To say the past year has been a banner one for Mia McKenna-Bruce would be an understatement: she was cast in the breakthrough lead role of UK indie feature How To Have Sex, which filmed in Malia, Crete last October and November, and won the Un Certain Regard prize at Cannes Film Festival in May. In December, McKenna-Bruce and her actor fiancé Tom Leach discovered they are expecting their first child.

The Cannes experience was “just crazy”, she says. “It’s going to take me a while to process, it was so overwhelming, and all we could ever wish for.” As for the shoot itself, under the guidance of debut feature writer/director Molly Manning Walker, “It was the most supportive set I’ve ever been on, and the most authentic and truthful thing we could make.”

McKenna-Bruce plays a teen on her first party holiday, presenting a cheerful mask that cracks after a couple of early sexual experiences that slide between manipulation and abuse. The film follows on from her performance in Netflix’s 2022 Persuasion adaptation — the film’s hilarious standout as a self-involved character who clings to delusions of victimhood.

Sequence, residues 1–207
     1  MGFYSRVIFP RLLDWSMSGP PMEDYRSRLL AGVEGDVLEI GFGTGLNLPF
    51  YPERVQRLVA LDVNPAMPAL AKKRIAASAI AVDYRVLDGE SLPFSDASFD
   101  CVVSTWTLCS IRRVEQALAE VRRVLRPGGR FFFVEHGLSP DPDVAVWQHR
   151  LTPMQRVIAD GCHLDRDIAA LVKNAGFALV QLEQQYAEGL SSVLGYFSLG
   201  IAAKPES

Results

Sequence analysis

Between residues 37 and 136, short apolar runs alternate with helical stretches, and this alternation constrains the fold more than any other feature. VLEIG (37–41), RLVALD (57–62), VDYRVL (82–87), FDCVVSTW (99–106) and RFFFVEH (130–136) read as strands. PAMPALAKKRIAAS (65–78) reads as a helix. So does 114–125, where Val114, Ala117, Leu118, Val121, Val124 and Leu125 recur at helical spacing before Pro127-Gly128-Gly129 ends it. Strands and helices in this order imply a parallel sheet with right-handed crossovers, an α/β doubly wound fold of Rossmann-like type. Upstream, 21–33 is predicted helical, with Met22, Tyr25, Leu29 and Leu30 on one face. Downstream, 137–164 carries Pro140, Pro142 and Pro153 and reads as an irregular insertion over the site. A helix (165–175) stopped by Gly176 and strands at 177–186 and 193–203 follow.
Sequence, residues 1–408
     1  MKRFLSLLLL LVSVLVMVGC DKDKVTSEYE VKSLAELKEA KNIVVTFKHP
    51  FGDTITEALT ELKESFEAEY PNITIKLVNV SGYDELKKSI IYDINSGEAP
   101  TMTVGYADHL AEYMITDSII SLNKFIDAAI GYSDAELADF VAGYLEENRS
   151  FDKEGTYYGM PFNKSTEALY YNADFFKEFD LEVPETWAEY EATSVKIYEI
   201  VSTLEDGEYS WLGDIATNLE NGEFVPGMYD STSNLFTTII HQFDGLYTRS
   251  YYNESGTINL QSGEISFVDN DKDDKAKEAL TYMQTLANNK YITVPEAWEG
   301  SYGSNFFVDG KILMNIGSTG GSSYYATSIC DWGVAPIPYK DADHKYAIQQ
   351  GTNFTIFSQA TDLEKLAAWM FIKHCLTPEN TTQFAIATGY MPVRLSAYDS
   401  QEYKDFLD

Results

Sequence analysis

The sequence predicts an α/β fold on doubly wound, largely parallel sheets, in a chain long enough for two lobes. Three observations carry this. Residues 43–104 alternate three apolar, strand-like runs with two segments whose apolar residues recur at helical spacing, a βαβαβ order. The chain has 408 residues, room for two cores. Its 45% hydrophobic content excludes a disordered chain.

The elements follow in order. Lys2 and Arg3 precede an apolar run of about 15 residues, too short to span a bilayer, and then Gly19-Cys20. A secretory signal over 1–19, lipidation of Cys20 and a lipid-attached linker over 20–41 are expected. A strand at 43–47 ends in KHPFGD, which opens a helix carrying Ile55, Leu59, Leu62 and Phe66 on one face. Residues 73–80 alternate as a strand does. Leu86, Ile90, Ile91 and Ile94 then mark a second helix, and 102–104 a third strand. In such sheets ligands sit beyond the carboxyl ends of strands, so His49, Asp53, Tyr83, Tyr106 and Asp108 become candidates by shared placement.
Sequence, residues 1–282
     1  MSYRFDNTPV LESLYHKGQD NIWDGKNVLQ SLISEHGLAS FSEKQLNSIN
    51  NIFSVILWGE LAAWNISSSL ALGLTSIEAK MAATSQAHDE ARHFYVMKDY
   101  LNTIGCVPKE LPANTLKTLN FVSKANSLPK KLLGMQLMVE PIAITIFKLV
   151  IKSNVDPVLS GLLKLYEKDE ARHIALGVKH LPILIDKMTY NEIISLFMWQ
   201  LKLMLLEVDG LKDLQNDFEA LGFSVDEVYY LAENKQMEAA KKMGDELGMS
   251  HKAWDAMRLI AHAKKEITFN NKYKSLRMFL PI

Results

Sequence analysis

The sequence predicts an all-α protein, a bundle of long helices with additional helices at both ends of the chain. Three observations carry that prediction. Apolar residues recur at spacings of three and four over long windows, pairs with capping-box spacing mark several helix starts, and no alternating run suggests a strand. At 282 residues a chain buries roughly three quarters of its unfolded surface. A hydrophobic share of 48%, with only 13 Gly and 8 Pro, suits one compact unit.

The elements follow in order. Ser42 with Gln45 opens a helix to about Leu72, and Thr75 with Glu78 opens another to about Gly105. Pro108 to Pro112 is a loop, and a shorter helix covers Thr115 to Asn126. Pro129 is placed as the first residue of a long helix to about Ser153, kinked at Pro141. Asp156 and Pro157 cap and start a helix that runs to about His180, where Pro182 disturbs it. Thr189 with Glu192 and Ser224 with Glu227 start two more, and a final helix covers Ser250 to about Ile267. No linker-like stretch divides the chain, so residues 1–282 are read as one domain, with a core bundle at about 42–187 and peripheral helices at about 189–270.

Born and raised in southeast London, McKenna-Bruce began her professional career aged eight, playing one of the ballet girls in the Billy Elliot stage musical. The next decade saw multiple screen roles including The Dumping Ground series of TV shows, adapted from books by bestselling author Jacqueline Wilson and centred around a children’s home. The child actress then stepped away from her career, returning from eight months in Australia aged 19 to start again, rebuilding via a part-time drama course at London’s Capital Screen Arts. Roles followed in TV’s The Witcher and Vampire Academy and UK indie film Kindling.

While her screen roles have been mighty varied, McKenna-Bruce spots one recurring theme in that “you realise this initial person that you meet isn’t who is actually underneath”. Now keen to add some action into the mix, she cites the “inspiring” example of Florence Pugh, with whom she naturally invites comparison.

McKenna-Bruce is excited about impending motherhood, and new opportunities when she returns to work. “My agents made a good point — as a parent, you open up so much more of yourself. Getting to apply that to work will hopefully mean I get to do even more amazing things.”

Contact: Molly Cowan, 42